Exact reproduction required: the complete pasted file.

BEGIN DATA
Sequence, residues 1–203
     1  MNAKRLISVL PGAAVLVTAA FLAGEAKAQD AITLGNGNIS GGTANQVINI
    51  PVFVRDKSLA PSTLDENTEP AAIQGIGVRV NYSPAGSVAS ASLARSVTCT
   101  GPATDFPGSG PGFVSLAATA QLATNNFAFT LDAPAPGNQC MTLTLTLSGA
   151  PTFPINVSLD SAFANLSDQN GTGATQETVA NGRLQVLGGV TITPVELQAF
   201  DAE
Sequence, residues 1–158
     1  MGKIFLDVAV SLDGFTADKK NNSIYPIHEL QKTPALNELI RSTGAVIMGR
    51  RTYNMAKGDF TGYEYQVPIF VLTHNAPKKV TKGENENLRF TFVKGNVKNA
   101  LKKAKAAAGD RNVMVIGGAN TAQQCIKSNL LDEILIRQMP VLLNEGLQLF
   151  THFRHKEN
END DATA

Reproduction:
Sequence, residues 1–203
     1  MNAKRLISVL PGAAVLVTAA FLAGEAKAQD AITLGNGNIS GGTANQVINI
    51  PVFVRDKSLA PSTLDENTEP AAIQGIGVRV NYSPAGSVAS ASLARSVTCT
   101  GPATDFPGSG PGFVSLAATA QLATNNFAFT LDAPAPGNQC MTLTLTLSGA
   151  PTFPINVSLD SAFANLSDQN GTGATQETVA NGRLQVLGGV TITPVELQAF
   201  DAE
Sequence, residues 1–158
     1  MGKIFLDVAV SLDGFTADKK NNSIYPIHEL QKTPALNELI RSTGAVIMGR
    51  RTYNMAKGDF TGYEYQVPIF VLTHNAPKKV TKGENENLRF TFVKGNVKNA
   101  LKKAKAAAGD RNVMVIGGAN TAQQCIKSNL LDEILIRQMP VLLNEGLQLF
   151  THFRHKEN